99 Nam Joon-ou, Samsung Heavy Industries
It has been far from a walk in the park for Nam Joon-ou, who still has to absolve the overhang from Samsung Heavy Industries' rig-building orderbooks, while trying to beat off stiff competition to land the new orders needed to generate the required cashflow
Led by the president and chief executive, the yard group has pressed on to secure some complex and high-value projects
TWO years into his reign as the top boss of Samsung Heavy Industries, Nam Joon-ou is still battling the damage spilling over from the yard group’s vast rig-building exposure.
In November, the top-three South Korean shipbuilder posted a third-quarter operating loss of Won312bn ($264.9m) despite a 50% jump in revenue, citing drillship-related write-offs and costs.
In this respect, Mr Nam has had at least part of his job cut out for him from the get-go: resolving the overhang from a bulging but undelivered rig-building orderbook.
Samsung Heavy Industries won the most rig orders among South Korea’s top yard groups during the last rig-building upswing.
However, the yard group has struggled to deliver these orders and has resorted to arbitration proceedings to recover sums ranging from hundreds of millions to several billion dollars from rig owners.
In addition to these, the group also incurred $75m in settlements with authorities in the US and Brazil to stem the damage from an anti-corruption probe into a rig-building contract linked to a charter with Petrobras.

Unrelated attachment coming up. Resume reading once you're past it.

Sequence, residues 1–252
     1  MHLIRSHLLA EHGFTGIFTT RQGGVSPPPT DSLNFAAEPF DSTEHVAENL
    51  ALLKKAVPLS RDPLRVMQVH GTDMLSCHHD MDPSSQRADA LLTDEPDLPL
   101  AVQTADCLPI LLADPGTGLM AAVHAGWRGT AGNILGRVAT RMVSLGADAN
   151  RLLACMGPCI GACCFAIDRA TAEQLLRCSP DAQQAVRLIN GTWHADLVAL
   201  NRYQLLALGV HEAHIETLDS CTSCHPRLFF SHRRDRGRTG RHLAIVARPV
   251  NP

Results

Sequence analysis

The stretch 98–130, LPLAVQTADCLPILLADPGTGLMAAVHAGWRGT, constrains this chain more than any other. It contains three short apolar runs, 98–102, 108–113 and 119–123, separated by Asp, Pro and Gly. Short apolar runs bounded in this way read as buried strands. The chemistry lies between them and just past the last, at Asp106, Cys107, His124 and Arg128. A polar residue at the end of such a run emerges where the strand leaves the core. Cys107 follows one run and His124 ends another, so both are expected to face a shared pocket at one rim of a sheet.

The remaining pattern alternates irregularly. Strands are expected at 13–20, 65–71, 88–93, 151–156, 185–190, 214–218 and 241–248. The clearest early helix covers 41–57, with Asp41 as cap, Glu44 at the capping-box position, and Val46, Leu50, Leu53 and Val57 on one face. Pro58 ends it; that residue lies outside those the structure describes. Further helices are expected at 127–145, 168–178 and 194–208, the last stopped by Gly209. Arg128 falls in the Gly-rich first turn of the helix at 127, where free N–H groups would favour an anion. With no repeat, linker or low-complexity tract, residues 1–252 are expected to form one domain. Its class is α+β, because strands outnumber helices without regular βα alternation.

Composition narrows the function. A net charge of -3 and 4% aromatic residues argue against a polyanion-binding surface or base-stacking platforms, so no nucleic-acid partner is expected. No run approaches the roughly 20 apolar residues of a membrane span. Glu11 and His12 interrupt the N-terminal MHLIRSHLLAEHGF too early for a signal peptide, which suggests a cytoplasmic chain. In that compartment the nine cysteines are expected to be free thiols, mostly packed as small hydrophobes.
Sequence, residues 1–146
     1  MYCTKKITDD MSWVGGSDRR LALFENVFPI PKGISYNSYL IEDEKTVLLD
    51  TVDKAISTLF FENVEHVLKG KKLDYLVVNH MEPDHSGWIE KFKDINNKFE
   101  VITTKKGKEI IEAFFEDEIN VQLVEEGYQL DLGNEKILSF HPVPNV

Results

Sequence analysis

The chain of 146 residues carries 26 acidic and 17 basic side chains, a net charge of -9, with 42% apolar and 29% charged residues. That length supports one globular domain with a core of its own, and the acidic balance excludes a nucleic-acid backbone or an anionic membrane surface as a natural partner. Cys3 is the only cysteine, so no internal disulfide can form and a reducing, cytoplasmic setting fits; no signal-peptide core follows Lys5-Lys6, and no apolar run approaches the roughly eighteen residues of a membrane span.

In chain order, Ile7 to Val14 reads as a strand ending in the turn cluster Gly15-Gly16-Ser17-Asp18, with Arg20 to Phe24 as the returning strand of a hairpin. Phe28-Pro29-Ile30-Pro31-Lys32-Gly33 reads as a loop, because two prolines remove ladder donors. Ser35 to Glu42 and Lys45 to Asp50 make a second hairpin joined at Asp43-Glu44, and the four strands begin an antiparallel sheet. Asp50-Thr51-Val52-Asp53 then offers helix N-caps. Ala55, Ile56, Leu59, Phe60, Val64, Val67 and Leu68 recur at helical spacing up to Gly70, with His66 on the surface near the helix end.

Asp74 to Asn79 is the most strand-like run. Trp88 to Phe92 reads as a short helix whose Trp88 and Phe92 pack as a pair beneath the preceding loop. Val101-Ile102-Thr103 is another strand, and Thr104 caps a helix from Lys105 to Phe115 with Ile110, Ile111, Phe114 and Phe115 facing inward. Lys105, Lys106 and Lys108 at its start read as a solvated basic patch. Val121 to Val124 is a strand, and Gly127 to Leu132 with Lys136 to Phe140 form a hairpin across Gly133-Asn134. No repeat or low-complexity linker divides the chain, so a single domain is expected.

That said, Samsung Heavy Industries has not backed down from taking calculated risks with certain landmark projects.
Under Mr Nam’s leadership, the yard group sealed a deal with Russia’s Zvezda, calling on the former to design ice-breaking liquefied natural gas carriers that will be built at the shipbuilding complex run by the latter.
This partnership signals the South Korean shipbuilder’s resolve to lead in LNG shipbuilding.
The group estimated that it ranked number two, with market shares of 23.1% and 32% of the orders placed for LNG carrier and floating regasification and storage units.
For the 10 months through to the end of October, it had secured shipbuilding contracts for 13 LNG carriers worth $2.4bn. That made up almost half of the new orders it has won during the same period.
In early 2020, the yard group is due to deliver its second newbuild floating liquefied natural gas project. Delivery of this $1.6 bn project was deferred on agreement with the owner, Petronas.